October 2016: Celebrating the Reformation by kicking the Virgin Mary?

In October 2016, the year-long celebration of the Lutheran reformation began with an ecumenical service in Tallinn. Together with the Reformation, the Lutheran church celebrates the 100th anniversary of its independence, and the 100th anniversary of the Republic of Estonia in 2018. This is marked by a series of events, gathered under the title Landmarks of Freedom.
Just a few months before that, the Estonian National Museum opened in Tartu. The museum, founded in 1909, has for decades operated in various buildings and has waited for its own house for more than a century. After a grand opening ceremony, an exhibit gained much attention – in a section where the Lutheran reformation was described, the destruction of sacred pictures and church belongings during the reformation was mentioned. An animation was provided: every visitor could identify themselves as one of the vandals who committed the destruction, by kicking an image of the Virgin Mary with their foot. She would then fall into pieces, and after seconds would become one again.
A question was then raised by religious leaders, and gained so much attention from the public in the following weeks that it sadly overshadowed the opening of the new museum. Church leaders emphasized that the kicking was an unpedagogical way of interpreting the Reformation, because it was against Christian principles to kick someone. The fact that it was the Virgin Mary made the kicking even worse, because without any explanation, this could be interpreted as kicking a young woman. On the other hand, some defended the interpretation, emphasizing the need to remind that the Reformation had not been as smooth a process as what we might think it was. What made the public reaction even worse, was the first explanation given by the museum. The PR person of the museum defended the interpretation, claiming that in a society where there was no state church, it was possible to make fun about religion, and interpret historical as well as religious events with a sense of humor. The director of the Museum, Tõnis Lukas, later tried to soften the interpretation, explaining that the museum did not want to make fun of any particular group in the society, but wanted to unite people. He agreed that kicking the Virgin Mary was probably not the best way to explain the Lutheran Reformation, and decided to remove the possibility to kick her offered as an animation. Consequently, the exhibit itself was not removed, but the animation and the kicking were. The visitor can now only see how the Virgin Mary collapses, and after a few seconds, is put together again.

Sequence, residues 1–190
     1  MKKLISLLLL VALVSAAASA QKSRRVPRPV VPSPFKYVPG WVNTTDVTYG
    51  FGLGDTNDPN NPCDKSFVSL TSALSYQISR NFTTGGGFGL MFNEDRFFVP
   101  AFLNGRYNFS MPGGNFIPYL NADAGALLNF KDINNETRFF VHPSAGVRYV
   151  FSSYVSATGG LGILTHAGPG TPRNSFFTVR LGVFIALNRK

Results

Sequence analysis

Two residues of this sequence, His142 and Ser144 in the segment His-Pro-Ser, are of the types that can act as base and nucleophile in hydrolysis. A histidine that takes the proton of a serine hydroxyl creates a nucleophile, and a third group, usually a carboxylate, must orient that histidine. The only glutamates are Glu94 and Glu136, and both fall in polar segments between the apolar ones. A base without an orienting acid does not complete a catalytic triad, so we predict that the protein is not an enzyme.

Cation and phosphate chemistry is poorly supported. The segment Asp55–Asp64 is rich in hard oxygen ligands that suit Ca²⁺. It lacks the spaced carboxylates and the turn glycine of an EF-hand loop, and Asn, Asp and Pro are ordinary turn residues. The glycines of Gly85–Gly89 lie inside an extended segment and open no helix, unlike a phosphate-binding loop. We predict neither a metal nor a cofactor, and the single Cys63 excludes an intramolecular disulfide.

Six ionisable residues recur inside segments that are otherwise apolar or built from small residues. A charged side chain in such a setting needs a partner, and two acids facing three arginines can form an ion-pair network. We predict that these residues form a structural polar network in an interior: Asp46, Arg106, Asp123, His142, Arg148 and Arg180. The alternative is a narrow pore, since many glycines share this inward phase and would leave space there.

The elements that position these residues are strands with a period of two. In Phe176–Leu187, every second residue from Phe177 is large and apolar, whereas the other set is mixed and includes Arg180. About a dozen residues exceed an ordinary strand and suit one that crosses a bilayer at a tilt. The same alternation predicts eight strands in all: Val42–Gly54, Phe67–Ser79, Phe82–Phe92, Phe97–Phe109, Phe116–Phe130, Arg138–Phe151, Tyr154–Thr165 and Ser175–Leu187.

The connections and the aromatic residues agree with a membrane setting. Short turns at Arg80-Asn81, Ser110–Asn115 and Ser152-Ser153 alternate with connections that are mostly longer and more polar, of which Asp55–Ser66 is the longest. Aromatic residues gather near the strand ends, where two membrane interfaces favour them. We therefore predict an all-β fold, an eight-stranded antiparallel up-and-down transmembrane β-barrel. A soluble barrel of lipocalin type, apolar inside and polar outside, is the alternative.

Priit Rohtmets

- September 2016: Should the President go to church?

In September 2016, Kersti Kaljulaid took office as the new President of the Republic of Estonia. After an inauguration ceremony in the Parliament, she welcomed guests in an art museum in Kadriorg Castle. Less than a few months later, the biggest daily newspaper Postimees published a newsflash claiming that the Archbishop of the Estonian Evangelical Lutheran Church, Urmas Viilma, had addressed the President after her election and before her inauguration, and had invited her to a service at the Lutheran Dome Cathedral near the Parliament house after her inauguration ceremony. Such an invitation is a custom which goes back to the presidential inauguration of Lennart Meri, who was the first president to take office in 1992, after the Soviet occupation had ended in 1991. Since 1991, a religious service has been a part of all major state anniversaries and many other State events. Although the Republic of Estonia does not have a State church, its relationship to the church is described positively in the constitution, and it is mentioned that the State and religious associations cooperate in the fields which are deemed important by the two of them.
President Kaljulaid decided to turn down the invitation of Archbishop Viilma. After her decision was made public, for another two months the newspaper headlines discussed her right to do so. On the one side, some emphasized freedom of religion and conscience of an individual (§40 in the Constitution of the Republic of Estonia), claiming that the President, like any other citizen, has a right to choose whether to attend the service or not. On the other side, critics stressed the need to maintain the traditions, because given the young age of the State, there are few of them anyway. A more serious critique underlined the President’s duty to be the president of all the people of Estonia, including the members of religious associations. Critics said that her action insulted Christians.